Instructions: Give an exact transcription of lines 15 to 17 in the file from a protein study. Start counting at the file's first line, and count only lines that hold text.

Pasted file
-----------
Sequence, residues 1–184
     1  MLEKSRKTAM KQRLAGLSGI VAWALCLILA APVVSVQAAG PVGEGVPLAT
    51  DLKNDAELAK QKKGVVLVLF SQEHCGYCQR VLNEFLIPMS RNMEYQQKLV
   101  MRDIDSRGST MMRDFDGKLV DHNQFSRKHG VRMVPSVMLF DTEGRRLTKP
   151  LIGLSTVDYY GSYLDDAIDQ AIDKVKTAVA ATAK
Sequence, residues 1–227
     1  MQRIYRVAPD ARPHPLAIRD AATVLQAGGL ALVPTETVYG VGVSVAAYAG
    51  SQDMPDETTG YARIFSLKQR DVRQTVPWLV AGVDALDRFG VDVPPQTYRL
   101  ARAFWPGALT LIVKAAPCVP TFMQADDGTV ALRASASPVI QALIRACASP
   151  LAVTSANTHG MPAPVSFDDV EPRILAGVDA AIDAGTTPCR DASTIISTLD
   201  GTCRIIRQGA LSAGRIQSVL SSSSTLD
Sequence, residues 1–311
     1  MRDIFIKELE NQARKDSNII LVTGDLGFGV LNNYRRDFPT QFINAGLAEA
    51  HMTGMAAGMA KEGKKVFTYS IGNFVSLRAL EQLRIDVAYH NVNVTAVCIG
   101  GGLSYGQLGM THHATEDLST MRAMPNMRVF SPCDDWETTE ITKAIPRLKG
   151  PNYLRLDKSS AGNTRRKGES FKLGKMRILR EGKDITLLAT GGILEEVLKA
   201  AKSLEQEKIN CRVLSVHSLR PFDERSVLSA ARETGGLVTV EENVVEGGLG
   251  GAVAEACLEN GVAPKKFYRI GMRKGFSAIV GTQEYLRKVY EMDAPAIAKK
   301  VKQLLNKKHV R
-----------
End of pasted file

   101  GGLSYGQLGM THHATEDLST MRAMPNMRVF SPCDDWETTE ITKAIPRLKG
   151  PNYLRLDKSS AGNTRRKGES FKLGKMRILR EGKDITLLAT GGILEEVLKA
   201  AKSLEQEKIN CRVLSVHSLR PFDERSVLSA ARETGGLVTV EENVVEGGLG